Mr. Francisco Castaneda, a Salvadoran immigrant, spent eight months in custody on a charge of possession of methamphetamine with intent to sell, then was transferred to immigration custody because he did not have legal residency. He later died in custody after officials from the U.S. Public Health Service (“PHS”) refused to treat him.
Upon entering the San Diego Correctional Facility, Castaneda notified medical staff that he suffered from a penile lesion. Despite this warning of his medical condition, Mr. Castaneda received no treatment or diagnosis of the problem while detained. When he was finally released to get a biopsy of the lesion he was informed it was cancerous, and his penis was surgically removed a few days later. Castaneda died of cancer in February 2008. His family sued the PHS officials on behalf of his estate and themselves.
The medical personnel who were responsible for providing proper medical care to Castaneda were officers of the PHS assigned through Immigration and Customs Enforcement’s (ICE) Division of Immigration Health Services (DIHS).
The government had refused for 11 months to authorize a biopsy for a growing lesion, even though voluminous government records showed that several doctors said the test was urgently needed, given Castaneda’s condition and a family history of cancer — according to the Court’s stinging written opinion.
The facts of the case are totally shocking. The U.S. district judge slammed the government and wrote that the PHS officials’ conduct, “transcends negligence by miles” and appears to be “one of the most, if not the most, egregious Eighth Amendment violations the Court has ever encountered.”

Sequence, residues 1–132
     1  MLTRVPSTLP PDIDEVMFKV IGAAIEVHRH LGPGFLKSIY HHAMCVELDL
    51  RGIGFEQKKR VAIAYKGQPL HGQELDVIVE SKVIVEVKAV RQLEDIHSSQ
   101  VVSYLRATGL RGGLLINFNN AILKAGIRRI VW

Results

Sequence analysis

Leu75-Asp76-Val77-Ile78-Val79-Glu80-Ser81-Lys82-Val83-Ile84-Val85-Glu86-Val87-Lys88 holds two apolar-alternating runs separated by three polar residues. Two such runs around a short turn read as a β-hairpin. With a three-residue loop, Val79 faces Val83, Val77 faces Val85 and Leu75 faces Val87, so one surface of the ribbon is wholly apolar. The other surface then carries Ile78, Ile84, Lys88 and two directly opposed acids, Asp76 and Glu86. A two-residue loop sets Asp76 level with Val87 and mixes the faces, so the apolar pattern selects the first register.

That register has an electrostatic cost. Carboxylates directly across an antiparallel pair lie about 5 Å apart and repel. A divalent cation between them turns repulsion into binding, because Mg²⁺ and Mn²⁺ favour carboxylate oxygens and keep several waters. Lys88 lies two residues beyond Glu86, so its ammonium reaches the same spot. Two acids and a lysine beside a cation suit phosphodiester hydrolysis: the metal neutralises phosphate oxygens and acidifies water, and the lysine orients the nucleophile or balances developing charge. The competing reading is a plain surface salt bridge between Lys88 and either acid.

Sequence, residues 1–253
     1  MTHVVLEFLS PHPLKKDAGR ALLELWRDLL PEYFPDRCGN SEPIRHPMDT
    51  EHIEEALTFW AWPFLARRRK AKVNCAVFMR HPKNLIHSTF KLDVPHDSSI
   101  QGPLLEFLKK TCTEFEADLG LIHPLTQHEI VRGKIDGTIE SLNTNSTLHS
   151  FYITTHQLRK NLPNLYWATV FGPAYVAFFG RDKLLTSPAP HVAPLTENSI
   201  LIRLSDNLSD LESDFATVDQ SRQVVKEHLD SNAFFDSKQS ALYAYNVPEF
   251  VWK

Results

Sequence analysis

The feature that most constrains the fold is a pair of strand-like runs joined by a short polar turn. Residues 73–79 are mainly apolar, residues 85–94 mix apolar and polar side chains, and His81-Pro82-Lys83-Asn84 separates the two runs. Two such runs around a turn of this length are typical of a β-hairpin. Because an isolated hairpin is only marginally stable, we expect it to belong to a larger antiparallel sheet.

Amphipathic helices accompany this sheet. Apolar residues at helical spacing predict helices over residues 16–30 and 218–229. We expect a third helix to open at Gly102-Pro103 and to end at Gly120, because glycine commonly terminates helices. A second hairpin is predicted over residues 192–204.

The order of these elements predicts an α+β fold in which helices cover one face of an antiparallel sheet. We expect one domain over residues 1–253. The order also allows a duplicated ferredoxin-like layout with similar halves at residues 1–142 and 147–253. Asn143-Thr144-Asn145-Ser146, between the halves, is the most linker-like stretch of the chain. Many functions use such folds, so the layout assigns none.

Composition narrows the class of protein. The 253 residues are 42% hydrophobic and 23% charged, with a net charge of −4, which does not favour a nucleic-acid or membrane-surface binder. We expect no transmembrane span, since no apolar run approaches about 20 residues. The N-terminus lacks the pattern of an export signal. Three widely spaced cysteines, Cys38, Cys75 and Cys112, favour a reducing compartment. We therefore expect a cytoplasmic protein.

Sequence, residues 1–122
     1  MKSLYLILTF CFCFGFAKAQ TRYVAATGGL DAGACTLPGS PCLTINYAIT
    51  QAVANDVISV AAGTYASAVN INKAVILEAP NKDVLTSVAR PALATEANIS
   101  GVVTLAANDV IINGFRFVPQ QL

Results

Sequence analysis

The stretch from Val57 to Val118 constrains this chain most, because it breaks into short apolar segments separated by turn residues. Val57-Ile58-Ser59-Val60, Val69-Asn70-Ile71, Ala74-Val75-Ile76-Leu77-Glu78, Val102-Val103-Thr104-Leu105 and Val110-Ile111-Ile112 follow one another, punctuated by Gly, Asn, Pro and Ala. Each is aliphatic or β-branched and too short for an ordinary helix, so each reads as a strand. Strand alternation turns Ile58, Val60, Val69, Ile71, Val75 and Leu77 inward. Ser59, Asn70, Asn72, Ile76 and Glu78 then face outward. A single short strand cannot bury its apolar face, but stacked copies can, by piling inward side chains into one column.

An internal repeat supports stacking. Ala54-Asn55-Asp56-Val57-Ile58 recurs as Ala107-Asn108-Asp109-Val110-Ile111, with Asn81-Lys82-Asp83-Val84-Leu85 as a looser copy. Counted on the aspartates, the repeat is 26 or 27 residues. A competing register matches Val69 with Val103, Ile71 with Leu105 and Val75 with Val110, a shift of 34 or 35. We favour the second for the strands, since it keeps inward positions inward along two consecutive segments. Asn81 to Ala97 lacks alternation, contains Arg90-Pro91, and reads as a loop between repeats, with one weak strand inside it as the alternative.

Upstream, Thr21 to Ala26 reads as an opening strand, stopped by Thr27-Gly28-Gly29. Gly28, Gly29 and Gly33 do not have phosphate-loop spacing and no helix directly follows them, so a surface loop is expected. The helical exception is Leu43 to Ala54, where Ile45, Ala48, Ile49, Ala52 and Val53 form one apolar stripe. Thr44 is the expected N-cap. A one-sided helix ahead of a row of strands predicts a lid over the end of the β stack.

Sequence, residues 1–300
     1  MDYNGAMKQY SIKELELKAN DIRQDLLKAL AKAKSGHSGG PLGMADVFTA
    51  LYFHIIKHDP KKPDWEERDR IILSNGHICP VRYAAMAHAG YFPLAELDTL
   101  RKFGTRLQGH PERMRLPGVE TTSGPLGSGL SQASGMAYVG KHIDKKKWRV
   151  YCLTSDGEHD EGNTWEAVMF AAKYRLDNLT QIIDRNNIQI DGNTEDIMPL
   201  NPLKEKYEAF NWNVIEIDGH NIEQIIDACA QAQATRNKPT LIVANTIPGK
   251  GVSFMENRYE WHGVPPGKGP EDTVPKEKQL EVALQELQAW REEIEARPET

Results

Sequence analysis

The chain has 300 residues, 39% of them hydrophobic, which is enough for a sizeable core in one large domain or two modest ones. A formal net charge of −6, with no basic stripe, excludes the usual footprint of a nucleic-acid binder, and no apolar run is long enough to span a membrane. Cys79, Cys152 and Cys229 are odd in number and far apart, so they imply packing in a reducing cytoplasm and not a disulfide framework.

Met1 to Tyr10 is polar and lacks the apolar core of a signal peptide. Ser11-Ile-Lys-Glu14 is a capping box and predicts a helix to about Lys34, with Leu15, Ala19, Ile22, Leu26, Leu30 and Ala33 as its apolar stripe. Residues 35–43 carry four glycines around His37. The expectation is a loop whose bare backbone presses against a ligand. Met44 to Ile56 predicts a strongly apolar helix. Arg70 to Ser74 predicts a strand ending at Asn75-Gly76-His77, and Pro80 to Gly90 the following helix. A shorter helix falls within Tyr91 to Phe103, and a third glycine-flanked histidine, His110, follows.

Thus, rather than test and treat Castaneda, government officials told him to be patient and prescribed antihistamines, ibuprofen and extra boxer shorts. In summary, the judge wrote, the care provided to Castaneda “can be characterized by one word: nothing.”
While the federal government admitted in April 2008 that its negligence was responsible for Castaneda’s death, the government is claiming that, under federal law, individual PHS officials are immunized against lawsuits alleging that they failed to provide medical care that meets constitutional minimums.
The PHS officials claim that Mr. Castaneda’s surviving family members and estate are limited to a negligence suit against the United States under the Federal Tort Claims Act (FTCA) because a provision of the Public Health Service Act immunizes them from lawsuits for constitutional violations, commonly known as Bivens actions.
The FTCA – which applies to all federal employees and which is incorporated within the Public Health Service Act – expressly states that “it does not extend or apply to a civil action against an employee of the Government … for a violation of the Constitution of the United States.” Thus, it appears that the plain wording of the FTCA does not offer immunity to PHS officials from liability for violating the Constitution.
Both the district court and the U.S. Court of Appeals for the Ninth Circuit unanimously rejected the PHS officials’ bid for immunity. The Ninth Circuit said that the PHS defendants “provided no explanation for why Congress would want to provide these persons with the privilege, shared with no other federal employees, to violate the Constitution without consequence.”
Still, the matter remains on appeal. The U.S. Supreme Court will decide whether U.S. Public Health Service (PHS) officials can be sued for violating the Constitution. Oral arguments in the case are scheduled in March 2010.